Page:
They can also loan out entire savings, and let's just say That the person they loaned out this $ 1 in savings to put into their wallet Note, the original $ 4 is still there Now, to be clear, this person's private bank (first bank # 1) here can write you up to $ 3. And the private bank (second bank # 2) for this person there can write a check of up to $ 2 [let me do this in the same color] Now, let's think about the forms of money there and here We might think about money in a very, very narrow way, which is, "The central bank prints what?" Or it is produced electronically (as electronic savings for bank customers' accounts) For the sake of simplicity here, you can think of the tangible currency that you are printing – that is the base money This is often referred to as base money And in the United States (and other countries), it is often the same M0 There is little difference from one country to another Here's an example, as soon as they print it out and put it into circulation (And it was $ 4) We have $ 4 basic Kamal This is evident because once it is printed it brings the warranty (warranty) with it And when traded, this $ 4 can be used to buy things It can be used to facilitate transactions Now, it seems clear that not everything can be used as money in this small world that we have made You have this $ 4, but private banks can write checks here So we're going to have a bit of a side definition of money And here we'll call it M1 Here, there are two methods you can think of We can consider it to be all the currencies in people's pockets In addition to all the capabilities (efficiency) of writing checks, then if we can review it in this way That $ 2 plus the $ 5 check writing efficiency here Then you can get $ 2 of physical currency in people's wallets (not in banks).

Add to that the $ 5 check writing fee, which will give you $ 7 On the other hand you can see, it is M0 Check Deposit [I will only write checks here] But if you did, you are now adding the count. Because some M0 are reserves in check filings Or, I could say that some check deposits are kept as reserves for M0 Then you will have to subtract the reserves Then you will get $ 4 Because we don't want to double the calculation of this model here .. you will get M0 is $ 4 I'll do it in white M0 is $ 4 Check deposits are $ 5 Let me do it pink Plus the $ 5 Then you will want to subtract reserves The reserves here, there are $ 2 in reserves, so minus $ 2 And you'll return to $ 7 The point of all this is not to double the calculation for anything You do not double count this here as part of Check Deposits and part of M0 You don't use it twice It is basic money and check deposits, so we don't want to count it twice The easiest way to think about it is: "What can be used in this marginal definition to facilitate transactions?" This is $ 2 in people's wallets and this ability to write up to $ 5 in checks So this opinion here And if we want to get more marginal, we can have something called M2 Here we can say, which can be used directly to facilitate transactions now So it will be the $ 7 of M1, plus the things that can be converted into M1 For example, these savings accounts can be easily transferred to check accounts It may take only a few days (there may be restrictions) but it can be transferred And when it is transferred, the bank’s saving requirements will change slightly, but will be allowed If this person makes a transfer, they will be able to write more checks So M2 has M1 plus the things that are easy to convert into M1 So they will contain savings accounts, market money accounts (I won't go into details here But it's kind of the same that you get a little interest on it, but there are limitations You can access it, but it is not difficult to switch to a check account) But things like small dollar-value time-deposit accounts.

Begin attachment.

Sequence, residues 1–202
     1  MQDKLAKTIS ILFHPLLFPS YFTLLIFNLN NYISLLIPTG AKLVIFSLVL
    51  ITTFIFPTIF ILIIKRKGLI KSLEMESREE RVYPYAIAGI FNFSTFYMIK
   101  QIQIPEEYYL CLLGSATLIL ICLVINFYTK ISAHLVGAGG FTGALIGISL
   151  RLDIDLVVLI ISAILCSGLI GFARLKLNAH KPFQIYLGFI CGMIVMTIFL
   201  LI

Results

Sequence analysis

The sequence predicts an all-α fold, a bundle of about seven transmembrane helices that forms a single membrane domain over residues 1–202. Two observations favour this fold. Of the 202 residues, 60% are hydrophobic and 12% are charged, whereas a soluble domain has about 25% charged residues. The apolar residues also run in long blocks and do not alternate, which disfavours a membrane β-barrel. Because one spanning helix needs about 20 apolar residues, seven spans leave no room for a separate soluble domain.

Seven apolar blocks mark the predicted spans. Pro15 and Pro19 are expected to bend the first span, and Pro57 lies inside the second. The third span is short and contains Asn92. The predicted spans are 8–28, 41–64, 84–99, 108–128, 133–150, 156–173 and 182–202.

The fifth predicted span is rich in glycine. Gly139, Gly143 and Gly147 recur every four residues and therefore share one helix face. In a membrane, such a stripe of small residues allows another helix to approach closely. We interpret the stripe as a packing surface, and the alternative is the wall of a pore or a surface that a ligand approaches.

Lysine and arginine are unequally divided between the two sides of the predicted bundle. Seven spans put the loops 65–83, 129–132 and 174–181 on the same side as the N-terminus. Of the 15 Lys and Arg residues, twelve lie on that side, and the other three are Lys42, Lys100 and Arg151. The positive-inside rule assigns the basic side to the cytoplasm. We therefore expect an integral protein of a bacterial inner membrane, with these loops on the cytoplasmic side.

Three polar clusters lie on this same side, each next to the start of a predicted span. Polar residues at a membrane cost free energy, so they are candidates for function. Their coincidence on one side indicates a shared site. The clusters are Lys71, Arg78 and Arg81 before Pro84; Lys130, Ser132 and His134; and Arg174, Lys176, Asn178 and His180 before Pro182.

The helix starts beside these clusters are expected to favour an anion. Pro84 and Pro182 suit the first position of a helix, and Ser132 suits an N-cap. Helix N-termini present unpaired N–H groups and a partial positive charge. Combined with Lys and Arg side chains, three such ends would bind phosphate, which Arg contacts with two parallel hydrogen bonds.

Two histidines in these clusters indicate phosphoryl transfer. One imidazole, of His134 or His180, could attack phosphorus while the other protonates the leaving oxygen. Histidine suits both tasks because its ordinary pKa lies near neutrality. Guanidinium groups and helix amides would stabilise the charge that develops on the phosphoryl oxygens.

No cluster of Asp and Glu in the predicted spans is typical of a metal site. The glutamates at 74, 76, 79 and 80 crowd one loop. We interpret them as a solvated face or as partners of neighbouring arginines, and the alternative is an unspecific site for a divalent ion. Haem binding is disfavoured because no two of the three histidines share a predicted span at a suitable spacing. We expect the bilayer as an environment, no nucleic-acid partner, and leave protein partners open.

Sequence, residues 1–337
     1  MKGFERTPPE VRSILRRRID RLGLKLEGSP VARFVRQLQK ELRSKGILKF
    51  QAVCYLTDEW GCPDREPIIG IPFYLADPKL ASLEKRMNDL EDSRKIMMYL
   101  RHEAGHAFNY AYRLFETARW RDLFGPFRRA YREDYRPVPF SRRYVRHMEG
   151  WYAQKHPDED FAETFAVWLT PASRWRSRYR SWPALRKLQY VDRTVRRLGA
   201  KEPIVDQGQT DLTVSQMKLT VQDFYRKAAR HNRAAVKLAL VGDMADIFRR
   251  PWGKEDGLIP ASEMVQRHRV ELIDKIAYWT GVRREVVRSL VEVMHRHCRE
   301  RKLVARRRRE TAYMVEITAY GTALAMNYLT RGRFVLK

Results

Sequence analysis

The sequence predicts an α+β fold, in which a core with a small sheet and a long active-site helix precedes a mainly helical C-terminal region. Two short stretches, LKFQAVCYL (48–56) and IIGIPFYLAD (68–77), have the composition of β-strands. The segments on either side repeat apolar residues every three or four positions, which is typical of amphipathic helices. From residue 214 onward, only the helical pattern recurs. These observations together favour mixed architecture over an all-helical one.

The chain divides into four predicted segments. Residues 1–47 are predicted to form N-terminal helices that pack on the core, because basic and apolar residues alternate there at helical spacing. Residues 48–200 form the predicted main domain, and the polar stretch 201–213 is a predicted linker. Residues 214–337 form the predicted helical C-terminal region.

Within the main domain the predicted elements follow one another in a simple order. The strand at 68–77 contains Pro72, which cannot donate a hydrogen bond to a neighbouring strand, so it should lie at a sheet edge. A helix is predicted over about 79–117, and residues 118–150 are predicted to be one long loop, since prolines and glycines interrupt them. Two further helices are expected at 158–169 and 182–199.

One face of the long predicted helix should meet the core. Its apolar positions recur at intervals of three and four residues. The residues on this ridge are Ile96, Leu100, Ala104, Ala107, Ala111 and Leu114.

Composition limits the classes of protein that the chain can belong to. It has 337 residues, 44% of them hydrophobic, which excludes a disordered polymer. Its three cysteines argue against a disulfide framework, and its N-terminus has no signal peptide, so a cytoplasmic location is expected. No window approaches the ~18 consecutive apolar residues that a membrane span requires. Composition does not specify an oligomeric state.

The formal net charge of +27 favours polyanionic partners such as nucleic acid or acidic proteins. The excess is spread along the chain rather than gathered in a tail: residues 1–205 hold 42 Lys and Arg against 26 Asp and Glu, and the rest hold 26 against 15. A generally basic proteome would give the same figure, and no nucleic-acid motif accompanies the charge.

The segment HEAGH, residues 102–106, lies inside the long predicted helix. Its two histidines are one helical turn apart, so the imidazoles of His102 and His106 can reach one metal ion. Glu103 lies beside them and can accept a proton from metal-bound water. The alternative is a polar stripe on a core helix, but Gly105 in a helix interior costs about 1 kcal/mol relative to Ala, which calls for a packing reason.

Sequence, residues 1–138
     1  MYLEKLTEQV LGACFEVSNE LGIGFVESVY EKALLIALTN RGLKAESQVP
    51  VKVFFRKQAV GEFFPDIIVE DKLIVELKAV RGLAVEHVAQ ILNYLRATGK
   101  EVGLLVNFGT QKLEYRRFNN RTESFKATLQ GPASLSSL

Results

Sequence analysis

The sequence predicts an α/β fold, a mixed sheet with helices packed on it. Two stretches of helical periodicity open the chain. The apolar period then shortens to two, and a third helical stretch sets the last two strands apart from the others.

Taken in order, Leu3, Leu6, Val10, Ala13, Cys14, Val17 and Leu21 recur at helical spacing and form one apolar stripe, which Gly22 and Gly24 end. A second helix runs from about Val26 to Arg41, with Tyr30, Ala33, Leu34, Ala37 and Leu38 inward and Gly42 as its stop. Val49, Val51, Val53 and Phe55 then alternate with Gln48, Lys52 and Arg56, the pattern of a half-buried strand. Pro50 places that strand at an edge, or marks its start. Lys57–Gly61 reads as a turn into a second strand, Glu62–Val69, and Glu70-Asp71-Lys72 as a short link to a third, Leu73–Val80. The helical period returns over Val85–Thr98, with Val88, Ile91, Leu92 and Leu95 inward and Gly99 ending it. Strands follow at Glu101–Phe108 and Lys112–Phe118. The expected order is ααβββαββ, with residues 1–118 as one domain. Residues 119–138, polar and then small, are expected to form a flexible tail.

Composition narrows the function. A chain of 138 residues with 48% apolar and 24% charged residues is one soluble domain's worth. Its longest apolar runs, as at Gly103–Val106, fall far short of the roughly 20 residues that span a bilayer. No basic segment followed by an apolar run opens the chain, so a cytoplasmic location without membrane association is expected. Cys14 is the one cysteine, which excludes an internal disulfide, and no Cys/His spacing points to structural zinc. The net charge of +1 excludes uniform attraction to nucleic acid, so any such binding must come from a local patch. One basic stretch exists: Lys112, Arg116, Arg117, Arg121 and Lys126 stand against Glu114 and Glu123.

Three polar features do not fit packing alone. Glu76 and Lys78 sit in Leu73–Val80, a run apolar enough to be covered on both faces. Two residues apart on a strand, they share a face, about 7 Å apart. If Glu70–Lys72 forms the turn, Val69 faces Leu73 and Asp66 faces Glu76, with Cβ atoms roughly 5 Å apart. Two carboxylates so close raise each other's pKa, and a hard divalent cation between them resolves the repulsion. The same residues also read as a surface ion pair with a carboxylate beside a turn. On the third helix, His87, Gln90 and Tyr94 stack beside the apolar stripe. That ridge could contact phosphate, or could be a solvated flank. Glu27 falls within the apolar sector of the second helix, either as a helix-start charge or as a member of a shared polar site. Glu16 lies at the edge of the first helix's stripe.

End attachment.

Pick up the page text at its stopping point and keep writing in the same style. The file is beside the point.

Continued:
But for simplicity's sake in this example, it would be a savings account So it's $ 7 from M1, plus $ 2 from the savings account here So this is just to give a visualization When someone talks about financial dependence, you actually have to say, "What are you talking about?" The most ideal is that you are talking about the M1 Because this is something that can be used directly to facilitate transactions Things like the ability to write dollar checks in someone's wallet But maybe they were talking about basic money (M0, tight money is the same, especially in the US) Or it may denote something more after (marginal) And there are marginal definitions even of M2, although M3 have stopped reporting it But the M3 does have things that are little more than real money It is a check account, but it is actually quite mobile (fluid) So they will contain other kinds of savings However, the Federal Reserve has stopped issuing it in the recent past So these are the ones that are usually referred to

test attribution text

Add Comment